Part 5: What Would Christ Do in Chicago?
"Unless civilization is a mistake and Christianity a delusion, monogamy is the ideal toward which our race is tending. In the future, adultery and fornication will be regarded as almost as inconceivable as incest."
—from If Christ Came to Chicago!, published by William T. Stead in 1894 and republished in the Reader in 1981-82. [sept 3]
The Reader was a purring journalistic organism by 1982. The ads paid the freight, the listings commanded the readership, and the editorial staff was free to act on any whimsy that struck someone as a good idea. Should the Reader republish William T. Stead's If Christ Came to Chicago!? Why not? Stead's book was a local classic few Chicagoans had heard of, much less read. We could fix that.
A muckraking British journalist, Stead came to Chicago in 1893 in search of evil and found it. He was a fierce but wise social critic; if time has not fulfilled his lofty hopes for monogamy, perhaps it's simply that the human race can no more risk tending toward its ideals than the earth can approaching the sun it circles and cannot exist without.
Another Stead quote:
The overcrowding of the cars is little less than a public scandal. The city railway companies have plenty of cars, and plenty of power, for the cables run just the same whether there are few cars on the line or many, but in order to save conductors' salaries they cynically compel one-half of the traveling public of Chicago to travel without seats. A Chicago rail car at the rush time . . . is a sight not easily forgotten. Every seat is filled and all the space between the seats is choked with a crowded mass of humanity. The unlucky individuals are holding on by a strap from the roof. At the platform at each end of the car a crowd is hanging on by its eyelids as thick as bees when they are swarming. The first time I saw it, it reminded me of one of Dore's pictures of a scene in Dante's hell. [Feb 26]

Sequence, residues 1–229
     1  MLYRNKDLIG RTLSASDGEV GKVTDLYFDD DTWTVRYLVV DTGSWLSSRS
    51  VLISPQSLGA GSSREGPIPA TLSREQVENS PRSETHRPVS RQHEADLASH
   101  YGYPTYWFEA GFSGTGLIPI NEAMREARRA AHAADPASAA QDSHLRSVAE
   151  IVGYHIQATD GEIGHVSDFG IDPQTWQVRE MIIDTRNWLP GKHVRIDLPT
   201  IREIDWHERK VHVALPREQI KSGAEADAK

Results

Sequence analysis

Stead would perish when the Titanic sank in 1912; he was last seen clinging to a raft with John Jacob Astor IV. If Christ Came to Chicago! was the Reader's first foray into long-form serialization. It seemed like such an excellent idea that when the serial concluded, in November 1982, we immediately launched another. "The Catchall Chronicles," a fictional yarn unspooled by "Samuel Willis" [assistant editor Patrick Clinton], began:
There may be towns that time forgot, but Prosperity, Illinois, isn't one of them. There may be places where the past lurks the courthouse square unchallenged, where the lives that someone has already lived crop up again as little noticed as the dandelions in the spring or the reruns on television. There may be such places, but, as I said, Prosperity isn't one of them. Time remembers Prosperity: it keeps in touch in one of those one-sided correspondences that make you sad to see the mailman. "Found work yet!" "Seen a doctor about that pain!" and of course "Lord, you're looking old." The whole town — from the "Welcome to Prosperity" sign at the city limits to the statue of the unknown soldier down by town hall — wears the hangdog look of a new bank teller who's come up a fifty shy at closing time his first day. [Nov 5]